I played 100% open cards and therefore did not lose the trust of my managers.

One thing that very few people seem to understand is that you cannot lose if you are honest about your actions and intentions. If the company doesn't like it, hell, you probably don't want to work there anyway. They will probably never offer fair compensation or a worthwhile career. If you are a well-run company and you are a valued employee, your concerns will be listened to.

My story is a little different but very close. I was working in a store and I was very happy working there and I loved my boss. The store across the street offered me a job making about $ 6,000 more a year. The benefits were identical and seemed to be a lot. I told my boss that I was going to accept the job and I was giving him two weeks' notice before my departure. He told me that he fully understood it and wished me the best.

As the date approached, I noticed that my wife and I had scheduled a vacation and she was unable to change her date. So I crossed the street and explained to my new pro

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My story is a little different but very close. I was working in a store and I was very happy working there and I loved my boss. The store across the street offered me a job making about $ 6,000 more a year. The benefits were identical and seemed to be a lot. I told my boss that I was going to accept the job and I was giving him two weeks' notice before my departure. He told me that he fully understood it and wished me the best.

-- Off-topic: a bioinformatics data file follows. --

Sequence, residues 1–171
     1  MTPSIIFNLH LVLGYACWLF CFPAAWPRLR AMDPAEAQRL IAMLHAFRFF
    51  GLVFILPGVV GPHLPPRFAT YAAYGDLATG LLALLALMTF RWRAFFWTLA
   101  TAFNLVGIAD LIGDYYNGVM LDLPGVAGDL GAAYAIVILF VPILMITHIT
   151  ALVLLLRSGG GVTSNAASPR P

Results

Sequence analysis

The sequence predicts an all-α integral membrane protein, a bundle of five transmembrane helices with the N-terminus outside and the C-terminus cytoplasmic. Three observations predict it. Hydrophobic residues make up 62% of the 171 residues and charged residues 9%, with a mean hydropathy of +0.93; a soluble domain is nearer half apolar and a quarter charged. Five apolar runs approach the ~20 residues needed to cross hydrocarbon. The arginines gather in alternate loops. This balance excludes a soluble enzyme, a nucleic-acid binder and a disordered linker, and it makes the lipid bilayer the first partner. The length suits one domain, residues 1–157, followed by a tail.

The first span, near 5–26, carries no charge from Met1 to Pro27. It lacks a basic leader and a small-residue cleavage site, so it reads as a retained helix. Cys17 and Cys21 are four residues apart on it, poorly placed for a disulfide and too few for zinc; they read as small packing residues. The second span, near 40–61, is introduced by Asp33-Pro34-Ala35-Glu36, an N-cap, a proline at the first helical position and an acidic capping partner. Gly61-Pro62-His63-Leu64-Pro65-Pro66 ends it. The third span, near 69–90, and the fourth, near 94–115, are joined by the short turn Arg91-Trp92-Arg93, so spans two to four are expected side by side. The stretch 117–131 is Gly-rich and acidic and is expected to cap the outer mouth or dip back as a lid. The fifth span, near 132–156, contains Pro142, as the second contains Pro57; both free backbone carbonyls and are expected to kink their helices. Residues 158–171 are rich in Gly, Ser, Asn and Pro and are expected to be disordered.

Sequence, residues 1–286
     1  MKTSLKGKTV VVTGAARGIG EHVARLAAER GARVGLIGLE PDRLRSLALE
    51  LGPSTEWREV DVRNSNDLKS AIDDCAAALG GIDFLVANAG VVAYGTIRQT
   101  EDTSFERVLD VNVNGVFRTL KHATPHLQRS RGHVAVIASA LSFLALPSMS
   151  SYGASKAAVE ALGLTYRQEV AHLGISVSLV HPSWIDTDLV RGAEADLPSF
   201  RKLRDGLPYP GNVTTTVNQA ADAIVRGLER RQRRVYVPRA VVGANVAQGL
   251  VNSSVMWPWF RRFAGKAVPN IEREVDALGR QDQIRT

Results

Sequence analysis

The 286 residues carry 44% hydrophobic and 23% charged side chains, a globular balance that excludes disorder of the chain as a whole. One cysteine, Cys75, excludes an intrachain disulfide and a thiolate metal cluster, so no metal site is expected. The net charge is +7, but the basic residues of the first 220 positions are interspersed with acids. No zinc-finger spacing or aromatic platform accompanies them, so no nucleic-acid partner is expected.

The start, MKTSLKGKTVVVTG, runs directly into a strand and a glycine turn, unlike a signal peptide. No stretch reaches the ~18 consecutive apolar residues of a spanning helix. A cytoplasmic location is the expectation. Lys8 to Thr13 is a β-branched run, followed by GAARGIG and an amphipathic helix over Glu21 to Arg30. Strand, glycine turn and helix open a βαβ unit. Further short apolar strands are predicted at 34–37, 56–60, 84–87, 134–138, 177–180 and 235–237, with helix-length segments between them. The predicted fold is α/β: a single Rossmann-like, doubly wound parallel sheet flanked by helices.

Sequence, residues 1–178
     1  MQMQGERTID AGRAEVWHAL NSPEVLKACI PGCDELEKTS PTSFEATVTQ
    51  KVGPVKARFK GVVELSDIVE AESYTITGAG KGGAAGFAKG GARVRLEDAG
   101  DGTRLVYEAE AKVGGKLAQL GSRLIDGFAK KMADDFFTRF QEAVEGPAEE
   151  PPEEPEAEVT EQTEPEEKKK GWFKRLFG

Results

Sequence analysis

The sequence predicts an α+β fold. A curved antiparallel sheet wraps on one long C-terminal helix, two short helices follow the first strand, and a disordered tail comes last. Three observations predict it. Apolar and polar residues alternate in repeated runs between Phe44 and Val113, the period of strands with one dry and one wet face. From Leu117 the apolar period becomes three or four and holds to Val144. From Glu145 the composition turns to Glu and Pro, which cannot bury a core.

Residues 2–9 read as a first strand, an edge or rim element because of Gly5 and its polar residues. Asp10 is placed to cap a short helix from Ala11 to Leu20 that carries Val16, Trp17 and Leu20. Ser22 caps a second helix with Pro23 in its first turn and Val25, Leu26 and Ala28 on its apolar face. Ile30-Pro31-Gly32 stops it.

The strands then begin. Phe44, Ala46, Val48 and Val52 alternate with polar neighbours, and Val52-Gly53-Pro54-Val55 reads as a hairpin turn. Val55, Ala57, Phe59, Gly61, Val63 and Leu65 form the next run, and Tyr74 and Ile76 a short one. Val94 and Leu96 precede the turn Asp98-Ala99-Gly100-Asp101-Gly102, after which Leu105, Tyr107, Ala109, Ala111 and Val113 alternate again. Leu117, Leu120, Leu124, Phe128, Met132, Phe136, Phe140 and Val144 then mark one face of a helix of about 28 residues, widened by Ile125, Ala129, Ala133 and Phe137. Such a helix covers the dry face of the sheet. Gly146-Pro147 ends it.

As the date approached, I noticed that my wife and I had scheduled a vacation and she was unable to change her date. So I crossed the street and explained to my potential new boss that I would have to start 30 days instead of the 15 days notice I had given him. He was very angry and said you mean you will start on June 1st and not May 15th. I said yes, that is correct and explained the reason for my change. At that moment he was furious. He continued to enthuse that he would start May 1 or not be employed.

Then I turned to him and thanked him for the offer and hoped he didn't have any hard feelings. Then I left his office, crossed the street, and told my current boss that I would stay if that was okay. He said "grab your apron and get to work." with a smile on his face. We worked together for another 10 years.

The company was bought by another company. The store across the street closed about 3 years after I decided not to go to work there. I knew that if the new boss and I couldn't set a start date, the road ahead was going to be pretty bumpy. It was one of the best decisions of my life. A few months after returning to work in the same place, I was offered a management position with the benefit of a company vehicle and a higher salary. I would say it was the good favor I had with my company and the inability of the other manager to work with his employees. Best of luck.

A friend of mine did the same as you and had later thoughts. As an HR professional, I was very disappointed that she reacted and didn't take the time to talk about things. His boss was unwilling to give in to his bad judgment and had to find another job.

This is my thought: it is clear that you have changed your mind and want to recover from a very bad decision. I don't think lying is a very good thing and can come back to haunt you. The truth is that while you feel uncomfortable now and fear that your employer will take your letter seriously, I would recommend